The National Asian American Coalition (NAAC), on behalf of many Asian American subgroups, strongly commends the Pew Research Center for their continuing and outstanding research on problems afflicting underserved communities, the unbanked, underbanked and minorities.
Without taking away from the high quality and importance of the Pew Research Center, we commend the Japanese American Citizens League (JACL) for raising questions relating to how Asian Americans are portrayed. For example, the JACL is correct that there is not one “model” Asian American community. There are different levels of education and professional attainments between America’s freedom fighters in Vietnam (the Hmong) and recent immigrants from India or China. But, we all face a number of barriers that the Pew Research Center addresses.
With rare exceptions, Fortune 500 corporations fail to recognize the growing importance of the Asian American market with a gross domestic product that exceeds that of 90 percent of all U.N. members and easily exceeds by manifold that of Greece.
Faith Bautista, president and CEO of the NAAC, said, “I have asked our Washington DC office to arrange and early meeting with the JACL leadership to discuss how all Asian American groups can work together with the Pew Research Center to develop future studies that address the JACL’s concerns yet continue to clearly identify the problems of and the opportunities for our nation’s 18 million Asian Americans.”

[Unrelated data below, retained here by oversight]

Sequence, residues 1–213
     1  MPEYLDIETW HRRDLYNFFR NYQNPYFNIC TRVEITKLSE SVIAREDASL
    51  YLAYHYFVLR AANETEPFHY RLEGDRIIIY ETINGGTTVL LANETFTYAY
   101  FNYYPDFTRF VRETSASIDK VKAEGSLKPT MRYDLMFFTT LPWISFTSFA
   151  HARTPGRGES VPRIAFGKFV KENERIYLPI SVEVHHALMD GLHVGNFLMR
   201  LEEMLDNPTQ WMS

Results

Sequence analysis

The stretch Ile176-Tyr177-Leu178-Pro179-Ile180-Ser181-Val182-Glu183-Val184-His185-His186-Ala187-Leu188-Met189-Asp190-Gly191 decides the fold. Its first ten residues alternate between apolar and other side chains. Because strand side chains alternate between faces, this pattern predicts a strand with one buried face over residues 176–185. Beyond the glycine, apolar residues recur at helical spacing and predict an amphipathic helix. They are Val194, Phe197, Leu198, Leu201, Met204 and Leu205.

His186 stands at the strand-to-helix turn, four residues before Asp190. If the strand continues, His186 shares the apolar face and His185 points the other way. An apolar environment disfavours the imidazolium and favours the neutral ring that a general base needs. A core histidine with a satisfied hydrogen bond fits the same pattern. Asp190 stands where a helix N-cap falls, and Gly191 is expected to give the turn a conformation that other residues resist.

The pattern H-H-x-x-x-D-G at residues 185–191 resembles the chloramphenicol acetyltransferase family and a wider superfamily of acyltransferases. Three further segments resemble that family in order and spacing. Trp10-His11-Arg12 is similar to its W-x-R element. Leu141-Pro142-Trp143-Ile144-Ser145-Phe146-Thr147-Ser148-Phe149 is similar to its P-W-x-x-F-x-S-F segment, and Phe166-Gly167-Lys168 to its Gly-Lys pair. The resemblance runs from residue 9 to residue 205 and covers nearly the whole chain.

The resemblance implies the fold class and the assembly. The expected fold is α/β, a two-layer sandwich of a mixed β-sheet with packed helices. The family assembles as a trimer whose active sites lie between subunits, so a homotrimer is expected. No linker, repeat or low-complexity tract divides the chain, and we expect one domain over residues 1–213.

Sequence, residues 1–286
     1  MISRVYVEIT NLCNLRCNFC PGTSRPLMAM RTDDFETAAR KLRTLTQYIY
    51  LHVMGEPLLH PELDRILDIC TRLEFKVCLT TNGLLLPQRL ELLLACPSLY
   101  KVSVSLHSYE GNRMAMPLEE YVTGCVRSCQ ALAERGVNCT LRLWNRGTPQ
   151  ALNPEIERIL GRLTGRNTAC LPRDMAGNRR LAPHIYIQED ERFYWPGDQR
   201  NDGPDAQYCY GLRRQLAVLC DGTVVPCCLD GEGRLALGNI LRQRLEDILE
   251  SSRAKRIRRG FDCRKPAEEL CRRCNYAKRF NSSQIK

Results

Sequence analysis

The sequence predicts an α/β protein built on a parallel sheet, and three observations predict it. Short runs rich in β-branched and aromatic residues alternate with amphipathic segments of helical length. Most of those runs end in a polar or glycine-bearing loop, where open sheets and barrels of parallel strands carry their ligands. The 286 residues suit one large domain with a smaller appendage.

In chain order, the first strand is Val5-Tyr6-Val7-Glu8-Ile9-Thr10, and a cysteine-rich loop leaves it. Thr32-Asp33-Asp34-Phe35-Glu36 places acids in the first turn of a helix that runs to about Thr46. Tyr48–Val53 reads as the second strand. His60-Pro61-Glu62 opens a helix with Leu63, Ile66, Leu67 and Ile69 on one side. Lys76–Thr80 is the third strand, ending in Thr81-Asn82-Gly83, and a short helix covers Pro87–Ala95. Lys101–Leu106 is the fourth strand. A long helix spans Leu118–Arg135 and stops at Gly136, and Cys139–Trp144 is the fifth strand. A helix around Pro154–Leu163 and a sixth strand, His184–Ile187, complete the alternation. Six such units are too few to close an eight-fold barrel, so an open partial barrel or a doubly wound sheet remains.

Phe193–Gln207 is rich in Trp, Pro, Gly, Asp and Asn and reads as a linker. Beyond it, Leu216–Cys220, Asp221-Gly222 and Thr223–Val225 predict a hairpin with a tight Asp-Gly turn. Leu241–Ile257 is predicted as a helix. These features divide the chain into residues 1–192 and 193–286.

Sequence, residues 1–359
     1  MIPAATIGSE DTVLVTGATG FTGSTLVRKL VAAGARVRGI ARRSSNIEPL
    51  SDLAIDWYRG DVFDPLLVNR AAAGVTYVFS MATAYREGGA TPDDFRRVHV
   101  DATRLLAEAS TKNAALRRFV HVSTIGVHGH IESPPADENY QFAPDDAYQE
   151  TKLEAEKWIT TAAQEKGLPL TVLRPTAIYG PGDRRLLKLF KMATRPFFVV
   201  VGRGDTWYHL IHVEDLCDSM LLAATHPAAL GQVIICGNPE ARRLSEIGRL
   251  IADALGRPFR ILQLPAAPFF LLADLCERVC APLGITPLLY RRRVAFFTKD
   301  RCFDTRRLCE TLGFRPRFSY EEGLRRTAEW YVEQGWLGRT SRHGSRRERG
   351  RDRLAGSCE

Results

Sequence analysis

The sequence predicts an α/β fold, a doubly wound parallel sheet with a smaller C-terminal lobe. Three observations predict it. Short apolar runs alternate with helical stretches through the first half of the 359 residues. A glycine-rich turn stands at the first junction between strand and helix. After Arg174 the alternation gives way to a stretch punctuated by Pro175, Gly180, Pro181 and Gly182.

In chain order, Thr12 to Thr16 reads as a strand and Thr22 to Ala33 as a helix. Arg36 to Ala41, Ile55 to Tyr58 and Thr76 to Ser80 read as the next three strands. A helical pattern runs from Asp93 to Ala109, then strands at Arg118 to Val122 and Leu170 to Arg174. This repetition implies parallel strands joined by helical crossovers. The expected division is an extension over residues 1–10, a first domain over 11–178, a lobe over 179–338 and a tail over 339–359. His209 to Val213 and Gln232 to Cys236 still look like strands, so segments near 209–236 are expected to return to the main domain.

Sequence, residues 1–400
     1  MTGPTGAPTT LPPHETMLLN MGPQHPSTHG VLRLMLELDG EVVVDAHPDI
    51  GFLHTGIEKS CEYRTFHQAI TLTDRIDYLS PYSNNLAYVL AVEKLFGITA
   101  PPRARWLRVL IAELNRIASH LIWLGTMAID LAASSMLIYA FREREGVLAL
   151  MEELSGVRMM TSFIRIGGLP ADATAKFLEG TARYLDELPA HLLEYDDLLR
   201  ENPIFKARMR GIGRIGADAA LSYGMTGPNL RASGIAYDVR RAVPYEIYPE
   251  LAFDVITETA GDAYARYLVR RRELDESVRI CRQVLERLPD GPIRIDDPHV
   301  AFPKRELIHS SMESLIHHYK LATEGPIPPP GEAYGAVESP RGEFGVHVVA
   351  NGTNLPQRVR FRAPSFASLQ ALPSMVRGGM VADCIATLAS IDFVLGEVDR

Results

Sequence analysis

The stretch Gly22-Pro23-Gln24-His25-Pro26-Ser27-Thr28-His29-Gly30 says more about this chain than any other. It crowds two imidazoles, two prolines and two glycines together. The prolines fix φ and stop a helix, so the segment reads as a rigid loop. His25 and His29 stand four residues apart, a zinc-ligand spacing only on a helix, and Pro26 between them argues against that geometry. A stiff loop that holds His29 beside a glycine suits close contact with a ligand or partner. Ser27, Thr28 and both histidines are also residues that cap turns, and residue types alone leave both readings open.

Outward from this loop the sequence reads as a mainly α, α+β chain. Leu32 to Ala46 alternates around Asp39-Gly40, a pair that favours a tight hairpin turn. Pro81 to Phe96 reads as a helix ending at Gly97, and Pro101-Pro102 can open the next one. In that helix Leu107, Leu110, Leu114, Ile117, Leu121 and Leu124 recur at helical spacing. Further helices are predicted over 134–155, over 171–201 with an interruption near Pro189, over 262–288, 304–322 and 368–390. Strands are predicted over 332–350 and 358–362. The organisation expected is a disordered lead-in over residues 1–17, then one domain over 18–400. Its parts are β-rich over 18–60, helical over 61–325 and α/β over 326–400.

The NAAC board of directors includes prominent leadership from the Chinese American, Korean American, Japanese American and Filipino American communities, as well as from the Black and Latino communities that we work with. The NAAC also works closely with the Vietnamese American community and other Southeast Asian communities, such as Cambodian Americans, Hmong Americans and Burmese Americans.
It recently met with Secretary of State Hillary Clinton and is discussing with the State Department issues affecting Burma, Malaysia, Vietnam, Taiwan and the Philippines relating to the South China Sea. And in April, it had urged President Barack Obama on behalf of more than 100,000 Burmese Americans, to support U.S. investments in Myanmar.
In accordance with the JACL’s position on disaggregation of data, the NAAC recently issued a press release that despite Asian American education and economic successes, only two percent of Fortune 500 board of directors are Asian American. And, only one Filipino American, two Korean Americans and two Vietnamese Americans are among the almost 6,000 board members at Fortune 500 corporations.
The National Asian American Coalition has also urged the federal government, the state of California and Fortune 500 corporations to disaggregate data by Asian American sub-ethnic groups for both employment and contracts awarded.
The JACL, as America’s leading Asian American civil rights organization, is once again in the forefront of protecting all Asian Americans.